Tuesday, 25 February 2014

Focused word lists

I ask my students to brainstorm from prior knowledge. I want to see which direction it takes.  Each group is different when I have worked with adult beginners in the community to five years olds in the first year of school to twelve years olds at the end of primary school. This activity allows the scope of learning to be opened up more than if I was to share new vocabulary at the beginning of a new unit of work or a new chapter from the textbook.  If I merely, sent around a photocopy of the vocab list and asked “Which words can you predict? Which words do you know? And which ones do you not have any idea about?”  I would not stimulate the same discussion in the group of learners.  And one or two at least would be nodding off in the corner.

I introduce pronouns as hand gestures.  There are six pronoun groups: I, you (singular), he/she/it, we, you (plural) and they. The first three are all singular.  The last three are all plural.  Within the singular groups, I is in the first person, you is second person and he, she, it and even formal you (for example, in Italian) are third person. 

First person refers back to the speaker.  First person in the plural is we (referring back to us). Second person it the listener or person you are speaking to.  Third person is a different person/group from the speaker and the listener.  These ‘others’ are being spoken about and not directly to.

Beginners in learning a language (be it foreign or improving their knowledge of their native language) often confuse these terms and labels.  Often initial knowledge up until a focused lesson on pronouns, is intuitive and is what sounds/feels/looks right to the speaker/writer.  When you start to learn a foreign language, you don’t have years of experience to lean on to determine what sounds/feels/looks right to you as the speaker/writer.  

I teach pronouns with hand gestures to simplify some of these of the beginning language learner. Most of these hand gestures are obvious, but help the learner to process the context of who is speaking, who is listening and/or who is being spoken about.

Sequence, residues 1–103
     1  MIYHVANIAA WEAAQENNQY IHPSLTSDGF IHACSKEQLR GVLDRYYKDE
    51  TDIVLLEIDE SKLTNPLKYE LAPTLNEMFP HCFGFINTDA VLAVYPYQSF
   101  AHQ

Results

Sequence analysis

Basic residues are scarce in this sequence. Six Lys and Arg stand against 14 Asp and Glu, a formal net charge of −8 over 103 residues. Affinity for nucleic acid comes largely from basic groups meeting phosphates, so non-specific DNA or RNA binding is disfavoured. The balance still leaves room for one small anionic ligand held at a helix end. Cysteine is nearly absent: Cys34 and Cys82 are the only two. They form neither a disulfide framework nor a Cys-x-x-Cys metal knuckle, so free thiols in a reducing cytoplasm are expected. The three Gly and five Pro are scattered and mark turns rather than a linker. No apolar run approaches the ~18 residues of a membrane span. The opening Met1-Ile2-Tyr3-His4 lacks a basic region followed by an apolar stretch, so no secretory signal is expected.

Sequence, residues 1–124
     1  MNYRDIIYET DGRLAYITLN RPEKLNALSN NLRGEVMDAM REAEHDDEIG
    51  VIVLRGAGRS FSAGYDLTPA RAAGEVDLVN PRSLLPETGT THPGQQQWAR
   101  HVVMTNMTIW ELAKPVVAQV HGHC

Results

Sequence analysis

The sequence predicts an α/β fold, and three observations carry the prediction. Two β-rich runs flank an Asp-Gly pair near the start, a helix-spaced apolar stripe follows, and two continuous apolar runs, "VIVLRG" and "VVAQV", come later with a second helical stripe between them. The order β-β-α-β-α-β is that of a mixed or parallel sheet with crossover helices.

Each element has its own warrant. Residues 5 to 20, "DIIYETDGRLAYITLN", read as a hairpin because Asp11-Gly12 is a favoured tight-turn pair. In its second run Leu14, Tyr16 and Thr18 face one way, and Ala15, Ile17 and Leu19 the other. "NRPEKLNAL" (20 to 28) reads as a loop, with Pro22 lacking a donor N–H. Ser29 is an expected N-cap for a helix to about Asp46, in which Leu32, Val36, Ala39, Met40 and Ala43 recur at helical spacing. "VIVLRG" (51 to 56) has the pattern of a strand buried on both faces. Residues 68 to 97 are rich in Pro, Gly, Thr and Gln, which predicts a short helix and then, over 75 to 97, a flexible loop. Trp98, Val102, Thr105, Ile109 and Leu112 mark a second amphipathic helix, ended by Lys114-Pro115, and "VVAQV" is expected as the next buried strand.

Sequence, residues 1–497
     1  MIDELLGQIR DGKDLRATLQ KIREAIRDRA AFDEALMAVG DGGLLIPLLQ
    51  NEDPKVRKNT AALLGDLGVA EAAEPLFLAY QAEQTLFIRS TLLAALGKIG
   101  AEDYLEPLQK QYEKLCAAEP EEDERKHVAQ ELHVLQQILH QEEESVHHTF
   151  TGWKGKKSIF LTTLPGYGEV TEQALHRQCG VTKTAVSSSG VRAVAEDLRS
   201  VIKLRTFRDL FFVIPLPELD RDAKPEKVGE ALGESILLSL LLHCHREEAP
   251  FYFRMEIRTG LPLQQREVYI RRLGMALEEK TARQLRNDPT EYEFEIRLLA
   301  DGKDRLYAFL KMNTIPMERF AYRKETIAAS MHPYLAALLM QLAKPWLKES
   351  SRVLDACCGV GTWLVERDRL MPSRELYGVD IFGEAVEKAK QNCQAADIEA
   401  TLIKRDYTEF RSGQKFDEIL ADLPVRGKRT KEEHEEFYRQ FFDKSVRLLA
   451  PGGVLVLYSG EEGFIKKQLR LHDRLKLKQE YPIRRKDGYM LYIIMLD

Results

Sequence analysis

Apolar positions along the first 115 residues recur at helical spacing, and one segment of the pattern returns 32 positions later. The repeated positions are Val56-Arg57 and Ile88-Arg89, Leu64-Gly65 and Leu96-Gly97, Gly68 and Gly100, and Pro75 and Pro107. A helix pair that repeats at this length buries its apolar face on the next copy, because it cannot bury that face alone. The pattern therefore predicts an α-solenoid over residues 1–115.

In the singular, point to the appropriate person. 
In the plural, circle in the air to indicate the group of 2 or more people.
For ‘I’, simply point to the speaker.
For ‘you singular’ point to the listener.
For ‘he/she/it/formal you’ point to who the speaker is telling the listener about.
For ‘we’ circle in the air to refer to the speaker and the listener.
For ‘you plural’ circle in the air to refer to both listeners.
For ‘they’, circle in the air to refer to two or more other people being spoken about by the speaker to the listener.

A basic list for learning any language.  Note: in Italian days and months, both DO NOT have capital letters.  In English, they always have capital letters. Just a convention to be aware of.

A surprising list for nationalities and languages. In Italian, countries and cities have capitals.  However, nationalities and languages DO NOT have capitals.

It’s always a good idea to occasionally take a break form the grammatical side of learning a new language to explore some idioms.  Here are some of my favourites: Italian olio di gomito (lit. oil of elbow) is elbow grease. French la grasse matinée (lit. the fat morning) is a sleep in.

I work with students to brainstorm and research some common festivals and holidays.  Start with festivities common to both cultures: birthdays, Christmas, Easter, even Mother’s Day and Father’s Day.  Then, challenge their knowledge / introduce some cultural holidays to the target language: national holidays, regional festivals like Carnevale.

I brainstorm from the news: It is always powerful to start with common knowledge like world news or famous people.  Recent natural disasters, known disasters even Pompeii in Italy, famous sports people, films stars, singers, tv personalities.  Most people surprise themselves with their own prior knowledge or even with how much they knew but didn’t realize was linked to Italy as a country or the Italians as a people.

This is one of my favourite topics – because you can take it anywhere to any place and time: list in three column famous people, famous places, historical events in time. Each group takes this in their own direction. Sometimes modern people, sometimes more historical.  Sometimes recent political events, or recent natural disasters that made the world news. Some people are more interested in Italy when it became a Republic or the influence of the Roman Empire.  There is something for everyone.  Children are often either more interested in the modern famous people or the gladiator era in to main groups.

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